Gwinnett school board candidates differ on equity, parents’ rights law

Gwinnett County Chamber of Commerce President and CEO Nick Masino speaks during a candidate forum for Gwinnett County School Board at the Gwinnett County Chamber of Commerce Wednesday, April 20, 2022, in Duluth, Ga. (Jason Getz / Jason.Getz@ajc.com)

Credit: Jason Getz / Jason.Getz@ajc.com

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Gwinnett County Chamber of Commerce President and CEO Nick Masino speaks during a candidate forum for Gwinnett County School Board at the Gwinnett County Chamber of Commerce Wednesday, April 20, 2022, in Duluth, Ga. (Jason Getz / Jason.Getz@ajc.com)

Credit: Jason Getz / Jason.Getz@ajc.com

Seven candidates vying for two seats on Gwinnett County’s school board differ on hot-button issues in the district, such as the effectiveness of equity in its schools.

In responses to questionnaires provided by The Atlanta Journal-Constitution, they also revealed contrasting viewpoints on legislative bills Gov. Brian Kemp recently signed into law, including limiting discussions on race and racism in classroom as well as a parents’ bill of rights.

This year’s election is the first nonpartisan school board election in the county, meaning candidates will appear on ballots without party designations. The winners of these races would not begin their terms until the start of 2023.

District 2 voters will decide between incumbent Steve Knudsen, president of a metal manufacturing company, and challenger Michael Rudnick, fleet director for the city of Lawrenceville.

District 4 will get a new representative from a field of five candidates — Kelly Kautz, Tony Sellers, Adrienne Simmons, Matt Sones and Alexis Williams. They’re looking to replace Everton Blair, who’s not seeking reelection.

Sellers, a former teacher who recently retired from the district, said Superintendent Calvin Watts “has mentioned moving toward educating the whole child, including social-emotional learning.”

“We need to move more swiftly in this direction so that students are better equipped to meet their own goals and dreams,” Sellers said.

He criticized the amount of testing, class sizes and a high-stakes teaching environment that he experienced firsthand.

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The candidates’ views differ on equity, a frequent topic at school board meetings. The district’s equity policy describes it as a commitment to educating all students and providing resources to support high-quality teaching and learning.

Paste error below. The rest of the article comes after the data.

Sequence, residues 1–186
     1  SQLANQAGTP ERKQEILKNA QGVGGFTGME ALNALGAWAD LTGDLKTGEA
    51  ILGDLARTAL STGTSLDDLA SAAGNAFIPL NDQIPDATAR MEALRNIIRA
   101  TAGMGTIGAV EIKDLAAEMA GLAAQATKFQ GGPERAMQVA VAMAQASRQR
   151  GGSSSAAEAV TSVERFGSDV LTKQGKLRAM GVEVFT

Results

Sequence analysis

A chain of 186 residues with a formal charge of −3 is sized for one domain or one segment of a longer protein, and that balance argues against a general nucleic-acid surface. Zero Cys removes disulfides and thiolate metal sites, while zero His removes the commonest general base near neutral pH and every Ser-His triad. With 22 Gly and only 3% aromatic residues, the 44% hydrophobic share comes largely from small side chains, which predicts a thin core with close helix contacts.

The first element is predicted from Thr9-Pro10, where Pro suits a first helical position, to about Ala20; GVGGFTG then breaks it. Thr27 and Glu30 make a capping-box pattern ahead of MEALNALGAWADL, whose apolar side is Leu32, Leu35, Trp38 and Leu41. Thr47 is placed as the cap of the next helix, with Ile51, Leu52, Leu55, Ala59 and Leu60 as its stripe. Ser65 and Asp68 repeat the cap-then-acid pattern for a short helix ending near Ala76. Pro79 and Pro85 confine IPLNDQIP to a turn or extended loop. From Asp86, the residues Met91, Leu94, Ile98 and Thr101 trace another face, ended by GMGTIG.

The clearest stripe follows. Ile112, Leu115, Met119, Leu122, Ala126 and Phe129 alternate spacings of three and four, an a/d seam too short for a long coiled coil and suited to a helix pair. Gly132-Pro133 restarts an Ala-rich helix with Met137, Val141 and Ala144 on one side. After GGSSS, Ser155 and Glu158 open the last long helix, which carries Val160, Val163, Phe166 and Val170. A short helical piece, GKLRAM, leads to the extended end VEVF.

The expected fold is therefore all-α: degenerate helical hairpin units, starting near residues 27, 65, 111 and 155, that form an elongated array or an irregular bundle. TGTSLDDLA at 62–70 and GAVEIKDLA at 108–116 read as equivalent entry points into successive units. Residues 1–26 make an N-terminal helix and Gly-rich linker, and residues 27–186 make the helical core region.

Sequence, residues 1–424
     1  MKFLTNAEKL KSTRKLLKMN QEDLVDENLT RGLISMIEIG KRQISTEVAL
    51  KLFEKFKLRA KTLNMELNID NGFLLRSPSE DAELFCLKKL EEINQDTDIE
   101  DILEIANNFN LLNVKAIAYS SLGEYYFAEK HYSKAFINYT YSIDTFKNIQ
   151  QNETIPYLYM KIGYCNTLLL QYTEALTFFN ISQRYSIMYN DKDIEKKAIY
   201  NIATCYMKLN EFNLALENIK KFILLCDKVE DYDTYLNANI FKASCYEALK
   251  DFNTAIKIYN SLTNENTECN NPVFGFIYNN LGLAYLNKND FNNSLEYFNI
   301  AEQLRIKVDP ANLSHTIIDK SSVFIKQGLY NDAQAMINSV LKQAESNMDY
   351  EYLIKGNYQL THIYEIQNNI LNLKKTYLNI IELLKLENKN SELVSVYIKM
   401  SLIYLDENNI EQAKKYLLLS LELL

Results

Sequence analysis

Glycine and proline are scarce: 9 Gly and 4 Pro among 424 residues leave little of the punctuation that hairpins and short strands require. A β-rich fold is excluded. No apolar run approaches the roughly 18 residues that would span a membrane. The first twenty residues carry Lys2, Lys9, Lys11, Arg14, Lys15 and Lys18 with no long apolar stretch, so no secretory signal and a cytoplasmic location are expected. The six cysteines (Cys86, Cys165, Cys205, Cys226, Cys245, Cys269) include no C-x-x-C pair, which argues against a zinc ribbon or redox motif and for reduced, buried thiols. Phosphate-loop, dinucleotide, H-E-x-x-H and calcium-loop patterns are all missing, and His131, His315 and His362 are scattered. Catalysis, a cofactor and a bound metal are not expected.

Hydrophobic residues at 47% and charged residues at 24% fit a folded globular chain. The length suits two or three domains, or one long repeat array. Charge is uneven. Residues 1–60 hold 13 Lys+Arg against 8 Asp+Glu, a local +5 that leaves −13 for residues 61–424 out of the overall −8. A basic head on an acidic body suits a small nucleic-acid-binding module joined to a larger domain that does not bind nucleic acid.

Simmons, a Georgia Department of Education assessment specialist, said: “The needs of learners are not the same from school to school. Instead of providing all schools with equal resources, it makes more sense to personalize resource allocation.”

Sones, a policy analyst, said equity is important to closing achievement gaps and improving “the educational experience and, more importantly, the educational outcomes of students and schools that are struggling to succeed.”

“Not every student will be a 4.0 student regardless of how much we try to level the playing field, just as not every student will be the star quarterback,” said Kautz, an attorney working in juvenile courts. “I believe that our focus as a school system must be that each student is given the same opportunity to succeed. Equality should be the guiding principle as required by the law.”

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Williams and Rudnick were the only candidates supportive of the parents’ bill of rights that gives access to classroom materials. The other candidates said the bill was unnecessary because parents are able to be involved in their children’s education.

Williams, an attorney, said the recent legislation to limit discussion of divisive concepts will “protect our children from political propaganda that seeks to promote lies that would be detrimental and harmful.” She argued against tenets of critical race theory, saying they are damaging to children.

Knudsen said educators should not avoid difficult topics or disagreement. He argued, however, that a “one-sided approach” brings controversy because it “pits certain groups of students against each other.”